It is a fact of life that software faults, defects and other weaknesses affect the ability of software to function securely. These vulnerabilities can be exploited to violate software’s security properties and force the software into an insecure, exploitable state. Dealing with this is a particularly daunting challenge given the ubiquitous connectivity and explosive growth and complexity of software-based systems.
As software and security professionals, we will never be able to get ahead of the game by addressing security solely as an operational issue. Attackers are creative, ingenious and increasingly motivated by financial gain. They have been learning how to exploit software for several decades – the same is not true for software engineers and we need to change this.
The objective of software security is to build better, defect-free software. Typically, software has many defects, and quite a few of these tend to be the source of security vulnerabilities that show up in our operational systems. Software developed with security in mind is more able to resist attack. And, in the face of a successful attack, it’s better able to tolerate the attack and recover from it as quickly as possible. This is a good thing. (For more on this, click here to listen to my May 27, 2008 CERT Podcast entitled “Building More Secure Software” – or visit www.cert.org/podcast).
Integrating Software Security Practices with Your Development Lifecycle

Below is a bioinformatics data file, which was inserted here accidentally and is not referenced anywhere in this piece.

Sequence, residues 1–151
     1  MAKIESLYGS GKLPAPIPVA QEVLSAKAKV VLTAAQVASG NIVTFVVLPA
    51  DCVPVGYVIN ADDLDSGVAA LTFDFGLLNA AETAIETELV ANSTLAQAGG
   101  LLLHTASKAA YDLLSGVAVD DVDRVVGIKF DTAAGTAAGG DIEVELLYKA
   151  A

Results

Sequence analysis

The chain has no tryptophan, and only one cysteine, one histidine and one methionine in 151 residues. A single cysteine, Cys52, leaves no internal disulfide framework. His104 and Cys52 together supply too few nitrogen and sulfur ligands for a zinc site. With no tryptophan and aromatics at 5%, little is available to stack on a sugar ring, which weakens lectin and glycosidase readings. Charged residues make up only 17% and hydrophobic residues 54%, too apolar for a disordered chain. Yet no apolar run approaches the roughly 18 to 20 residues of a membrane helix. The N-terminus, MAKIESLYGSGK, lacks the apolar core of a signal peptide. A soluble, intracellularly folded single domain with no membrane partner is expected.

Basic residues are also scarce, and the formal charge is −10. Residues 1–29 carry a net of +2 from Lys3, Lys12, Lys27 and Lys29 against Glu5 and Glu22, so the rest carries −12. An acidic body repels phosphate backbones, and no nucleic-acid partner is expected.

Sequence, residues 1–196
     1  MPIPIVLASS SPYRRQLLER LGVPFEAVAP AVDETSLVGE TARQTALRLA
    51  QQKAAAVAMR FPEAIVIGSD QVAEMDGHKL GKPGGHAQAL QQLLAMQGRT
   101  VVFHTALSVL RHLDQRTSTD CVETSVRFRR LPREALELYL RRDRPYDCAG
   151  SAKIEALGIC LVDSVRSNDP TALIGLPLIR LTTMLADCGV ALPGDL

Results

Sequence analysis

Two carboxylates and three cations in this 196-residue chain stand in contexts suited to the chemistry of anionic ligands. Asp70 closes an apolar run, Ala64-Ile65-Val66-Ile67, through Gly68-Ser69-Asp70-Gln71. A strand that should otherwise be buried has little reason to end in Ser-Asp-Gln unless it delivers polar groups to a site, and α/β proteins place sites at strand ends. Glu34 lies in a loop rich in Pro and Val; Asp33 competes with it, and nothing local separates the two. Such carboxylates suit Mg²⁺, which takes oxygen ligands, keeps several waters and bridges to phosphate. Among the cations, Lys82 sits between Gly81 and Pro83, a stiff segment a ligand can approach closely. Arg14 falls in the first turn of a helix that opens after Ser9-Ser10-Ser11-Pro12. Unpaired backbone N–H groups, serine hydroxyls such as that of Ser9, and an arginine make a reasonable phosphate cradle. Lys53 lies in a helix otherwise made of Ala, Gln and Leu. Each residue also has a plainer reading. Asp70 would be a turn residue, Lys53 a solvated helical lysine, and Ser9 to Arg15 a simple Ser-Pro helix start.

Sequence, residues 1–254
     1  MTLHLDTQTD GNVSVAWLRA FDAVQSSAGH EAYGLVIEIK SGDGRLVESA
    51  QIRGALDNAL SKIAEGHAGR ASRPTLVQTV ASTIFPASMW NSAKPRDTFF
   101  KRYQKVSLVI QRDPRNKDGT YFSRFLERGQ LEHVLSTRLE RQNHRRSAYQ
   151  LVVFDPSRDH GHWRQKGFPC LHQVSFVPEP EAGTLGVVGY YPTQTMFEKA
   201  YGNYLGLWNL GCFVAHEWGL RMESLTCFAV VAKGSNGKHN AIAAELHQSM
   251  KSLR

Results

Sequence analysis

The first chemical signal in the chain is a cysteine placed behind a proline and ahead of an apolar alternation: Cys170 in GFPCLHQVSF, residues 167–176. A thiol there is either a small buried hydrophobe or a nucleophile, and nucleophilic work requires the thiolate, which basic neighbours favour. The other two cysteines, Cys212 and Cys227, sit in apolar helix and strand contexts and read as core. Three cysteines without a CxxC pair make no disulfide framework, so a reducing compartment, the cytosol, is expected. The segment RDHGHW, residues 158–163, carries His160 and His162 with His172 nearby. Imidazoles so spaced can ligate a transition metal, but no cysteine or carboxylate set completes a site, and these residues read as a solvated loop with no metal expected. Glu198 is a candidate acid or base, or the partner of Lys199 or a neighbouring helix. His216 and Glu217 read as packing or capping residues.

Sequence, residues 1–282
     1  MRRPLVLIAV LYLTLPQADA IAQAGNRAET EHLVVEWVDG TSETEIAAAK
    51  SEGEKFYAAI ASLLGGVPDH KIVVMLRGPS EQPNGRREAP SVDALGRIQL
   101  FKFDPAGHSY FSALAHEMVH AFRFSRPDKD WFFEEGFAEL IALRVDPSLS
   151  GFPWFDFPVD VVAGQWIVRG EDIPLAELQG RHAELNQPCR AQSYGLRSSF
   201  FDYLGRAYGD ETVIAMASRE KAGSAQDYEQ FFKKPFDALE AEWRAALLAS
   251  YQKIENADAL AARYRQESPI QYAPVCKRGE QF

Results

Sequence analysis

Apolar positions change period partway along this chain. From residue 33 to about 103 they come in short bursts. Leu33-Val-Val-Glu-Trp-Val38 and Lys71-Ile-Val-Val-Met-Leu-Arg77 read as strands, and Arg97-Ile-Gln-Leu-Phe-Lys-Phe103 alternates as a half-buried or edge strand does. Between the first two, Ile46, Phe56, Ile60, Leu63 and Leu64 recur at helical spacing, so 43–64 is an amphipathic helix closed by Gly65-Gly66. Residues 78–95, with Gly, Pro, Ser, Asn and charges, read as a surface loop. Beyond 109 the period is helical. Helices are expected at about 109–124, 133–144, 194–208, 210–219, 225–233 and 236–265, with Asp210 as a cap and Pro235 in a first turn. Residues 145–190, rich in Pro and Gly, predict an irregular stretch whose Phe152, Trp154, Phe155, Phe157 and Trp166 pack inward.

Project managers and software engineers should treat all software faults and weaknesses as potentially exploitable. Reducing exploitable weaknesses begins with the specification of software security requirements, along with considering requirements that may have been overlooked. Software that implements security requirements (such as security constraints on process behaviors and the handling of inputs, and resistance to and tolerance of intentional failures) is more likely to be engineered to remain dependable and secure in the face of an attack.
In addition, exercising misuse/abuse cases that anticipate abnormal and unexpected behavior can aid in gaining a better understanding of how to create secure and reliable software.
Developing software from the beginning with security in mind is more effective by orders of magnitude than trying to validate – through testing and verification – that the software is secure. For example, attempting to demonstrate that an implemented system will never accept an unsafe input (that is, proving a negative) is impossible. However, you can prove – using approaches such as formal methods and function abstraction – that the software you are designing will never accept an unsafe input.
In addition, it is easier to design and implement the system so that input validation routines check every input that the software receives against a set of predefined constraints. Testing the input validation function to demonstrate that it is consistently invoked, and correctly performed, every time input enters the system is then included in the system’s functional testing.
Using Analysis and Modeling to Strengthen Application Security
Analysis and modeling can serve to better protect your software against the more subtle, complex attack patterns involving externally forced sequences of interactions among components, or processes that were never intended to interact during normal software execution. Analysis and modeling can help you determine how to strengthen the security of the software’s interfaces with external entities and increase its tolerance of all faults. Methods in support of analysis and modeling during each lifecycle phase – such as attack patterns, misuse and abuse cases, and architectural risk analysis – are particularly helpful.